The Federal Reserve should hike interest rates three more times this year and at the same time start shedding its bond holdings, a Fed policymaker said on Wednesday, mapping out a somewhat hawkish option for the U.S. central bank.
Boston Fed President Eric Rosengren, an influential official who helped convince colleagues to increase the pace of tightening over the last half year, said they should "explore" their median prediction of only two more rate hikes before year end.
"Along with a gradual reduction in the level of the balance sheet, it would still be reasonable to have three rate increases over the remainder of this year," he said in prepared remarks that largely restated his policy stance.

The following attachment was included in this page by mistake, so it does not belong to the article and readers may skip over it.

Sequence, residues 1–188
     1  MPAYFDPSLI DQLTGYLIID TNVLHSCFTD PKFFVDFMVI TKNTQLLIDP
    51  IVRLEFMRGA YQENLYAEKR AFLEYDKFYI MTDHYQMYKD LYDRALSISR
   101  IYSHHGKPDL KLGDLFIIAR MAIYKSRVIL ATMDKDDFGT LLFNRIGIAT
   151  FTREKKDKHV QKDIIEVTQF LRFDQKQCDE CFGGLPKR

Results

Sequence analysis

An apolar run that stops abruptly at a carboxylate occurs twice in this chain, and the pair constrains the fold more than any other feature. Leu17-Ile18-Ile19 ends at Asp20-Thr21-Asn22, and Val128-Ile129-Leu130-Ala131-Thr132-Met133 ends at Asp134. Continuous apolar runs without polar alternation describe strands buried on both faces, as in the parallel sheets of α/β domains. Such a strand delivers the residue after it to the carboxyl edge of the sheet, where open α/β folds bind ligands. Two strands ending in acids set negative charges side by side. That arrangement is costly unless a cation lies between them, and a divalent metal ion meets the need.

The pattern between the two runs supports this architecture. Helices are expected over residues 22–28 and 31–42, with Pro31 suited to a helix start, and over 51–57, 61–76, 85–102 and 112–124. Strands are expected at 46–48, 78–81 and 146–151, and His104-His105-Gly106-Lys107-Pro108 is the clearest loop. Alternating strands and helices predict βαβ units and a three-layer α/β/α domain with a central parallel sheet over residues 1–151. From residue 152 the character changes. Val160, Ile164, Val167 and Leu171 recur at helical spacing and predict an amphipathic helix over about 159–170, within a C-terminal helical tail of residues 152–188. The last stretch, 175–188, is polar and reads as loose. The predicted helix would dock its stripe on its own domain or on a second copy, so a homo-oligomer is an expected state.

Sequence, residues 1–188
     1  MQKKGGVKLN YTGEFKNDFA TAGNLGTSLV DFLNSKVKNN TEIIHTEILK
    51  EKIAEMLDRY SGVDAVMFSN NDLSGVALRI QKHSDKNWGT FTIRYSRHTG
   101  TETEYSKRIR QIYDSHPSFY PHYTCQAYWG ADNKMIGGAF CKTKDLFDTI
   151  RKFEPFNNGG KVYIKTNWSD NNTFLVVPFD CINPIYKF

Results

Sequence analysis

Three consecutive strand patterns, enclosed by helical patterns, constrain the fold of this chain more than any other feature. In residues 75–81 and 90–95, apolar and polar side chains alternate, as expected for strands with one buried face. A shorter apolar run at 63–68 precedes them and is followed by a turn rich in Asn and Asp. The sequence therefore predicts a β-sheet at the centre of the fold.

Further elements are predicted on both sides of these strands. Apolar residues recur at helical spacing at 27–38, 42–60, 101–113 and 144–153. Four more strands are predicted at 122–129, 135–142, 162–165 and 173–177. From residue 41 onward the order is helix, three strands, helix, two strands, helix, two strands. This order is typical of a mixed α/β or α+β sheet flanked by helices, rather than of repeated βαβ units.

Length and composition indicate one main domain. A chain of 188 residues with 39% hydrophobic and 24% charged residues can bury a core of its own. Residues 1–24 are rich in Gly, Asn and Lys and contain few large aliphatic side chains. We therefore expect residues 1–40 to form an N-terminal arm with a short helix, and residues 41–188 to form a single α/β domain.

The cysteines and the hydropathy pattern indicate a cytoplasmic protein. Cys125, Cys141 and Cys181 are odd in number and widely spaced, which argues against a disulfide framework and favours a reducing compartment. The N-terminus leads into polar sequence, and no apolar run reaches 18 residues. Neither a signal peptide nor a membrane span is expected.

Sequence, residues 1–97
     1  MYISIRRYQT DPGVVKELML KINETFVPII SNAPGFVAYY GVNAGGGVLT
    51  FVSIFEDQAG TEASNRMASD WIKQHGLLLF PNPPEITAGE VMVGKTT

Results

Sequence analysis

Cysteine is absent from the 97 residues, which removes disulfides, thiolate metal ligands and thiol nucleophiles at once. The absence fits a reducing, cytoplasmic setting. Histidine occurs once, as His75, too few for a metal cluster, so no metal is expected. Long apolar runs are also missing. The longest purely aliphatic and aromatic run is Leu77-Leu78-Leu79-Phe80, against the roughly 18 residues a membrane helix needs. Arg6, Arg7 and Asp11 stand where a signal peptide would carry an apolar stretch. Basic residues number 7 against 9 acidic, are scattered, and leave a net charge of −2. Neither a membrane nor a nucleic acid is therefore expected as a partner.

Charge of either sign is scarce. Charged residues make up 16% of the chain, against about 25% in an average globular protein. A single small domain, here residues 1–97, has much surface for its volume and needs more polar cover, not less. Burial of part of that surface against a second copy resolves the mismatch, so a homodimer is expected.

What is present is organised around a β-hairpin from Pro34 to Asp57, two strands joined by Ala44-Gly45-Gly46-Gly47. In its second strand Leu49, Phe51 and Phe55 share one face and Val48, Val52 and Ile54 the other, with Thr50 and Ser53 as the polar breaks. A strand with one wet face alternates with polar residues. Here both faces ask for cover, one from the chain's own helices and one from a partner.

The Fed has raised rates twice since December and they now stand in a range of 0.75 to 1 percent. While officials largely predict to begin letting some of the Fed's $4.5 trillion in bonds run off later this year, there is internal debate over whether to temporarily pause rate hikes at that time.
U.S. unemployment is comfortably low at 4.4 percent and inflation is just below a 2-percent Fed target, though overall economic growth was weak in the first quarter of the year.
"I do not regard the weakness in first quarter data as a harbinger of softness in the underlying economy, and the strength of the labor market report on Friday provides some strong confirmation of that view," said Rosengren, who does not regain a vote on policy until 2019.
Addressing the Lake Champlain Regional Chamber of Commerce, he added that risks to the U.S. economy from abroad "seemed to have abated somewhat."
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